Helping to remedy that feeling at all though is almost every single female role of importance on the show. All of the women who matter have their lives together and it is these strong confident women that you can find yourself relating to. They understand reality and they are trying to be a grounding influence in their men’s lives to varying degrees of success however if we didn’t have their presence it would be very very difficult to watch this show. There’s Spencer’s girlfriend Tracy (Arielle Kebbel, I Melt With You) who helps him deal with the possibility of having Post Concussive Syndrome. She also doesn’t take any of his crap and calls him on his BS. She’s not a doormat at all and you know if she had a reason she’d leave Spencer in a heartbeat and that only makes her more likable.
Then there’s Julie (Jazmyn Simon, Sister Dirty), Charles’ wife who tries to provide structure for her husband and also a new direction for his life after football. Finally we have Bella, Ricky’s girlfriend who forgives Ricky for his past transgressions and gives him the support he needs as he moves to a new team. Understanding that these men have somehow managed to land these confident, strong, capable women makes you wonder what those women would see in these guys and that makes you look at the relationships and the characters more closely and with a more sympathetic bent than you would if they were just being presented as themselves without any foils. We want to understand why these women are with these guys because we know that it’s not their money. All of these women have it going on for themselves so we wonder what it is about each of these guys and that helps track through the rest of the season. Sort of, because it ends up almost all of them simply make excuses for their men until it becomes too much. It’s a shame these characters aren’t given their due and room to grow.
And then there’s the not-so-little problem of a lack of consequences. The season ends with everything working out for everyone thanks to a couple of too-good-to-be-true Jekyll-and-Hyde moments. That blackmail scheme? Turns out she just wanted to see if Spencer would say sorry as he handed her the check. That haunted feeling because of how Spencer ended a fellow player’s career with one hit? Don’t even worry about it, brah, you did me a favor as it ends up. Joe’s fired? Oh no he’s not. Because their mutual boss Mr. Anderson (Richard Schiff, The West Wing) has performed a complete 180 when it comes to Spencer and okays keeping Joe on after some truly three-year-old-having-a-tantrum behavior.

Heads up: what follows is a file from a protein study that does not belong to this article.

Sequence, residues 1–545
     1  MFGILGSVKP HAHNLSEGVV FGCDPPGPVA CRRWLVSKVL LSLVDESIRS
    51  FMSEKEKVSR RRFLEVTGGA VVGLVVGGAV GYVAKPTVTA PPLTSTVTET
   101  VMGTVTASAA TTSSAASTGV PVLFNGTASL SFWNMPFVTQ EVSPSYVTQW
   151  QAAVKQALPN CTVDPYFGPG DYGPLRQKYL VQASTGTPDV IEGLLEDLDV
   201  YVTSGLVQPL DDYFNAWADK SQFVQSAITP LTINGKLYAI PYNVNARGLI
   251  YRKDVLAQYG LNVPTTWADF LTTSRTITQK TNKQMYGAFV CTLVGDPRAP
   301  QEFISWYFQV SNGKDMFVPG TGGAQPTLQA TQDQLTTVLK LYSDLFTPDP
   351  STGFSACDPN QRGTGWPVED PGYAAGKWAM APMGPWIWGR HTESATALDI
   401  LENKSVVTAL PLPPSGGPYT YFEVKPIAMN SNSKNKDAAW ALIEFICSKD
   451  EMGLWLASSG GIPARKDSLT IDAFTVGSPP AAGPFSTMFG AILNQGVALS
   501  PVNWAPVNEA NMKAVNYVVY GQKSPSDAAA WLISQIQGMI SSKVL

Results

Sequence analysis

The worst/best thing about that, though? We don’t need to see these characters in season two. By not having a cliffhanger of any type and in fact presenting the season as sort of a limited run type of deal we can start fresh in season two, which gives me hope that Ballers can ditch the comedy label and become a drama with moments of humor sprinkled throughout.
To make sure we’ve covered the whole nine yards let’s touch on the acting. Dwayne Johnson shows the most range next to Rob Corddry who is very believable as Joe. I already touched on my enjoyment of guest star Dule Hill’s performance so let’s just mention that John David Washington and Donovan W. Carter (Ricky and Vernon, respectively) miss the catches they’re thrown. In Washington’s case he seems to have two basic modes: freaking out and way too much of a butt kisser. But that’s a step above Carter who sadly seems to only be able to be mellow, to put it nicely. His reactions are barely there. I don’t know if the QBs (aka the directors) called out a different play in the huddle before the snap or what went wrong but these two guys did not give convincing performances.
In terms of technical specs no flags on the play here. Though it’s set in Miami the 1.78:1 transfer doesn’t suffer from that fake orange patina so many other Miami shows love to embrace. Video is crisp and clear and in keeping with a quality level akin to a currently-airing show. On the audio side of things I was actually impressed with the way the levels were balanced. Partying is definitely one of the raison d’etres for this show and the dialogue levels in particular were handled very well. The Dolby Digital 5.1 was a pre-viewing concern but the many loud songs, yelling, and things being smashed all combined into a very nice audio package. No penalties for the (technical) special teams here.
In terms of special features a bit of a disappointment with only a short recap/interview following every episode. At about three minutes a piece they aren’t appointment viewing.
Although I usually avoid spoilers before watching a show I will definitely be keeping an eye on who is coming back for Season Two before I commit to anything. The way the first season ended with such a nice bow on it means I’m free to not care about these characters anymore and I can happily channel Frozen‘s Elsa unlike when I watched Game of Thrones and needed to see Joffrey suffer at some point. You watch Ballers because you are intrigued by a Dwayne Johnson who doesn’t rely on his muscles and a wide smile to carry his character. There is no justice for the idiocy of the rest of the characters and you will probably be okay with that depending on your T&A threshold as well as the discovery of new characters for season two.